Reinventing Myself

Spring is time to refresh and renew, time for cleaning and clearing and starting over. This season, I’m taking the concept beyond the closet and the garage, beyond even the many rooms of my own internal mansion, and have embarked on a path I first imagined taking as a lad in school, when I became aware that behind each great and sometimes impenetrable work of literature I had to digest was the story of a real person.

As it turned out, most writers of the classical and modern literature I studied were men, and disproportionately damaged ones, at that. But the back stories of their lives always seemed interesting and sometimes transcended the stories they wrote themselves. Authors seemed larger to me, and more heroic than the masses of other men from every epoch, who invariably led lives of quiet desperation.

In all likelihood, the chances of my story ever inspiring some youngster the way Byron or Twain or Homer or Hemingway lit certain fires in me are … well, as a correspondent of mine likes to put it — vanishingly small. But I am desperate to live what remains of my life driven by inspiration rather than by fear or desire, to reach for the best within me and not grasp at some external vision of success, or worth, or meaning.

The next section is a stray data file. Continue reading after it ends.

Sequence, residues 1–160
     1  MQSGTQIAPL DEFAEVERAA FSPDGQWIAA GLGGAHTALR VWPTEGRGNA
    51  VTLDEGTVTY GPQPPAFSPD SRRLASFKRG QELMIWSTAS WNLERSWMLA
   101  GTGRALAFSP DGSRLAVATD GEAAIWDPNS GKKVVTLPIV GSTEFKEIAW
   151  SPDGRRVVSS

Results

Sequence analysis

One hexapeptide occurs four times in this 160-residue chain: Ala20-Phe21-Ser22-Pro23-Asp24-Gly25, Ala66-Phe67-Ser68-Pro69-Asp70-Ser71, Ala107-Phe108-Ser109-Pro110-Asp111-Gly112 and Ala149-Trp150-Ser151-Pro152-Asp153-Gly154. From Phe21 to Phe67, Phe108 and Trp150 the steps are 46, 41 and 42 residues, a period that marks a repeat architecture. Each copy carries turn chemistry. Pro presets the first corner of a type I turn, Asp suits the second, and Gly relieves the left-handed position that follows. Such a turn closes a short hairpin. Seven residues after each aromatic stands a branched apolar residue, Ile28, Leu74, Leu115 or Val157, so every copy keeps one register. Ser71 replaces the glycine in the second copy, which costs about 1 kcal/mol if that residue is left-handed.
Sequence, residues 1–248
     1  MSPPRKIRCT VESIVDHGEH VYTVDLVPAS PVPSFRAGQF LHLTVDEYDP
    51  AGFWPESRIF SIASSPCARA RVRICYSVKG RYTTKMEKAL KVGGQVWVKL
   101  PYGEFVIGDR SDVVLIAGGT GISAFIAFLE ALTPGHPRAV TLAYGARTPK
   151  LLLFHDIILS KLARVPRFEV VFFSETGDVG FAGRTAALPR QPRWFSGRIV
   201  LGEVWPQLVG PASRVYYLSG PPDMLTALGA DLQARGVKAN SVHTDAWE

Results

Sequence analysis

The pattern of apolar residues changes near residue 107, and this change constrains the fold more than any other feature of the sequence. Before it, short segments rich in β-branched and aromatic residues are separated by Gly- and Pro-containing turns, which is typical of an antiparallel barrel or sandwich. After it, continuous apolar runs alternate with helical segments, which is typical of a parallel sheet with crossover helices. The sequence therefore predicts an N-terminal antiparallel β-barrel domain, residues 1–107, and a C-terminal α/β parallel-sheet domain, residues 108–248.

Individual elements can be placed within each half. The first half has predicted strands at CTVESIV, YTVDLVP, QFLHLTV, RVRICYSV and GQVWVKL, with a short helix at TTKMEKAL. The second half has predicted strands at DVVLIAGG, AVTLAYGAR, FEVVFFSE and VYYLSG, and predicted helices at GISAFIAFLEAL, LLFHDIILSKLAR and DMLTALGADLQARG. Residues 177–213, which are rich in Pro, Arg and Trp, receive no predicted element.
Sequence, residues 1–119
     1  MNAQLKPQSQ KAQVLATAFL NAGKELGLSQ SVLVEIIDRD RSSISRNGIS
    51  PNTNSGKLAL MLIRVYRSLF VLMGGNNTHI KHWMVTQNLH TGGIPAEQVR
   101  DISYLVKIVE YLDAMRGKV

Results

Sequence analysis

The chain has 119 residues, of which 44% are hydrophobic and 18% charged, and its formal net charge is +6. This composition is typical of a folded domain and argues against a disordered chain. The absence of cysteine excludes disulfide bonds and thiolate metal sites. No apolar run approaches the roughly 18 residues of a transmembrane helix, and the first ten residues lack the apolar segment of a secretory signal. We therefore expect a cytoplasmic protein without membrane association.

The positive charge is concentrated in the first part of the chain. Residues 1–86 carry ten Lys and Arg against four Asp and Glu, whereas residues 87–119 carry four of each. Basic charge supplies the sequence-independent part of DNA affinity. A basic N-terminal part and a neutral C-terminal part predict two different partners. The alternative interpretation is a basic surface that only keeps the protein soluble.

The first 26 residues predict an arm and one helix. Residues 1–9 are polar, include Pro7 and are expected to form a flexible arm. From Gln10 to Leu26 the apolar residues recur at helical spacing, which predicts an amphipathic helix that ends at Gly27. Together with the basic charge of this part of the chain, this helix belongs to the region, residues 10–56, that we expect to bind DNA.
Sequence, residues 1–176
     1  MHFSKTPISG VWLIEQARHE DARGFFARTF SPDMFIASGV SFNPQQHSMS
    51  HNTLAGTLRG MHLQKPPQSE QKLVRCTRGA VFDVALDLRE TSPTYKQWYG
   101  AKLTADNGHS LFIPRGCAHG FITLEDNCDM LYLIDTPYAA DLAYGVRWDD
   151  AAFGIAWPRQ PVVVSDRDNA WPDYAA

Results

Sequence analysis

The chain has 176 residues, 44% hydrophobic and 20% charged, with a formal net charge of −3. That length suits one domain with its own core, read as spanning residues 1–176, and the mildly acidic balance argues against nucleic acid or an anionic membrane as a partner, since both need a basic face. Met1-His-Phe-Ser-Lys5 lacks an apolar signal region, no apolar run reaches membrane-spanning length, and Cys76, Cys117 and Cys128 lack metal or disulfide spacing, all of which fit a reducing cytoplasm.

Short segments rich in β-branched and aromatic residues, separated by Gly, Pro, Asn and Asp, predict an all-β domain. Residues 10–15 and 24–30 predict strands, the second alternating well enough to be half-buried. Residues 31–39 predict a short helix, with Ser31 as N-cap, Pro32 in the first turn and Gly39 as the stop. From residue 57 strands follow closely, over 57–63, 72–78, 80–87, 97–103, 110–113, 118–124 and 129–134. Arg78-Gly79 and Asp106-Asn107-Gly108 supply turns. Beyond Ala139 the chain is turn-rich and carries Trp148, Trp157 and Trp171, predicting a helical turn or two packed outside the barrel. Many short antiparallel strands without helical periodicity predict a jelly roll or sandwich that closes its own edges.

To these lofty ends I have begun to receive my first commissions working as a freelance journalist. This month I’ve got a piece published in the Bay Area-based computer magazine Mac|Life, the print edition (May 2008) of which is on newsstands now. An extended online version of my interview with Wired magazine editor Leander Kahane should have a hyperlink within days. I’ll update it here when it goes live.

Next month, my contribution to a feature-length piece on the Apple iPhone SDK is scheduled to hit, and in July you’ll be able to read my reviews of gear ranging from a home media server, to a hand-held scanner, music-enhancement software and a bluetooth-equipped iPod boombox.

Tomorrow morning I’m interviewing Olympic swimmer and world-record holder Natalie Coughlin, who collaborated on the design of a waterproof case and headset for the iPod mini and produced her own swim training program.

It’s all part of an exciting change of direction for me after an abortive and largely unsatisfying foray into the realm of technology start-ups and corporate sales quotas.

I hope I Just Have To Say readers will check out my online writing for Mac|Life and leave comments or diggs to help the editors there understand what a valuable resource they’ve come into, and I encourage as well, subscription to this blog’s RSS feeds for both posts and comments so as not to miss any of the action.

Who knows, if I can get enough paid freelance work I might write a novel that could one day pop out of some school kid’s Norton Anthology and steer him or her toward a life of the mind and the heart.

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